October 7th, 2016

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Elisha and the Bears: A Parable for The Unexpected Power To Harm

Some may be familiar with the story of Elisha, the student and successor to Elijah. There is a short reference to a disturbing incident that is one of the most misunderstood parables in the Bible -- the story of Elisha and the bears. (I shall follow the Rabbinic dictum that the incident with the bears did not literally happen but was a prophetic vision, but this works just as well if we hold that the story is literally true) (or, if you don't believe in the veracity of the Bible, that the author intends the text as actual part of the timeline and not as a vision).

The text on this is extremely terse, which is common to the Biblical style. In fact, it takes a mere two sentences in the text. Kings 2 Chapter 2 v. 23-24. To quote in full:

23. And he [Elisha] went up from thence unto Beth-el; and as he was going up by the way, there came forth children* out of the city, and mocked him, and said unto him: 'Go up, thou baldhead; go up, thou baldhead.' 24. And he [Elisha] looked behind him and saw them, and cursed them in the name of the LORD. And there came forth two she-bears out of the wood, and tore forty and two children of them.

*the Hebrew word "Na'arim" (singular=na'ar) is hard to translate to get the right connotation wrt age. It can mean anything from young children to early teenage years (e.g., Gen. 21:12, where the teenage Ishamel is refered to as a "na'ar).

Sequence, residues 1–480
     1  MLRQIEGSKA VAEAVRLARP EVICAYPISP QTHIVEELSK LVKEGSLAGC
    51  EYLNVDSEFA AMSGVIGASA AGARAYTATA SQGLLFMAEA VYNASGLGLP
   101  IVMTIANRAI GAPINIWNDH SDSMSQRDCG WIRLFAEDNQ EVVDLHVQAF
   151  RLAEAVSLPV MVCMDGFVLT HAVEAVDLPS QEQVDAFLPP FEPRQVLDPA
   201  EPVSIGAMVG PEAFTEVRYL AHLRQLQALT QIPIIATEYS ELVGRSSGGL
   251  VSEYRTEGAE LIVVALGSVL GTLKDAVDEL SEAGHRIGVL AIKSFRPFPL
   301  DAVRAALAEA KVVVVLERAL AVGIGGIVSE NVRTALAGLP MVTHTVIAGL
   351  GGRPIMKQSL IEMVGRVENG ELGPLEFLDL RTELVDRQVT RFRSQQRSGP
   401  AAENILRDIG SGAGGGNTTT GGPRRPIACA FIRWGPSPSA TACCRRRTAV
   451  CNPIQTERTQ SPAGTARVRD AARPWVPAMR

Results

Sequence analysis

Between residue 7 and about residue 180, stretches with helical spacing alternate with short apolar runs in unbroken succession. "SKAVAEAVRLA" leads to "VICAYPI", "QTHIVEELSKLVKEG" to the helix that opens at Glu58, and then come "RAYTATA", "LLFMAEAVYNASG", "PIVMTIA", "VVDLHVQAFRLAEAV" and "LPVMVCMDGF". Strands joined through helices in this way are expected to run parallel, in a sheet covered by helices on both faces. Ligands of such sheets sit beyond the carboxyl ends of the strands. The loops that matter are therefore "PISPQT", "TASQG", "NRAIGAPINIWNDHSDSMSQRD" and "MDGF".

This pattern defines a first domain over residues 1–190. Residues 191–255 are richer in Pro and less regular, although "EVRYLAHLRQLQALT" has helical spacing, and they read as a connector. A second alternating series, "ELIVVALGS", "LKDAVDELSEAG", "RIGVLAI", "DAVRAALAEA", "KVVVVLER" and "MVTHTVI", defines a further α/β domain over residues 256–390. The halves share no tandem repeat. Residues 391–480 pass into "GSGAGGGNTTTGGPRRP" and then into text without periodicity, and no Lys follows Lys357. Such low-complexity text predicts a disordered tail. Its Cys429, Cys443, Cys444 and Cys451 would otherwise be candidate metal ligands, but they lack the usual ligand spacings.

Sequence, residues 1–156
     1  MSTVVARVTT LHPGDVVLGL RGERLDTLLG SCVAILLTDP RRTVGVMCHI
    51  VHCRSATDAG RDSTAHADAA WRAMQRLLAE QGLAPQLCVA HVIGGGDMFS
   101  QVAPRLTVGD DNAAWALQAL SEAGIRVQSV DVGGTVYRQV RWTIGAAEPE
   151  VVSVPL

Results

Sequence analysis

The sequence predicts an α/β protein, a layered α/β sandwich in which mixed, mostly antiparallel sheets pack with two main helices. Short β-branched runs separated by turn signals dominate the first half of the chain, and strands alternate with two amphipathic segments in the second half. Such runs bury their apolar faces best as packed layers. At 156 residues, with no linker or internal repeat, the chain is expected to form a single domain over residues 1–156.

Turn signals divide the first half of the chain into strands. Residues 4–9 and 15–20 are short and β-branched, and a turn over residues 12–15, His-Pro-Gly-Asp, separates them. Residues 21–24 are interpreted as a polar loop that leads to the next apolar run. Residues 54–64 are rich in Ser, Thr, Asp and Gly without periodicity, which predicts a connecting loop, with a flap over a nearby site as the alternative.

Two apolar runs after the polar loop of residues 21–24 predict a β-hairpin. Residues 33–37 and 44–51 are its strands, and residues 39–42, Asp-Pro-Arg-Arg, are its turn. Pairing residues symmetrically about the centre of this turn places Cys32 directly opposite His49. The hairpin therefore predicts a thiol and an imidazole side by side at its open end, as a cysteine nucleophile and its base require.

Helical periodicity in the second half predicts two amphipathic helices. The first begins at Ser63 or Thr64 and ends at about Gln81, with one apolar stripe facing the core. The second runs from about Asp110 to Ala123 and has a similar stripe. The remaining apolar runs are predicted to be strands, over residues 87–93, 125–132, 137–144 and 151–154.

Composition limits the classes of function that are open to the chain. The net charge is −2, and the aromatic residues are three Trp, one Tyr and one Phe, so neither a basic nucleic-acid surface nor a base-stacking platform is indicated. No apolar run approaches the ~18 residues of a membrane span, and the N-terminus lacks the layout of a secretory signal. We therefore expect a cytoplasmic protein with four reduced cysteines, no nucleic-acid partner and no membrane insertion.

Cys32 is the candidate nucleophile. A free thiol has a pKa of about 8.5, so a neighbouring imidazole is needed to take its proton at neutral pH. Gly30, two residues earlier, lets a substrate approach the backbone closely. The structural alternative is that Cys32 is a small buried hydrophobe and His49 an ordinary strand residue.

That seems rather grusome and disproportionate, especiall when view as a pure translation without either textual or cultural context. Below, I give an explanation that ties into the idea of the season of repentance and understanding that our ungaurded speech, even when provoked, may unintentionally cause others terrible harm. Hence we must work to control our temper, gaurd our conduct and our speech, and always bear in mind the potential unintended harm we may do if we act in careless anger.

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In our age of social media in particular, we can see again the power of speech. We can use social media to help people. We can use it to make people feel miserable, calling forth with our words mobs of Internet trolls to rend people apart (whether we mean to summon a mob or not, our words have power). We can use social media to try to educate or even to rebuke in a useful way. And we can use social media to try to coerce others to do what we think is right -- whether they actually agree with us or not. We are all potentially Elijah on Mt Carmel, or Elisha purifying the spring of Jericho. But we are all also, if we do not use our power wisely, Elisha and the bears.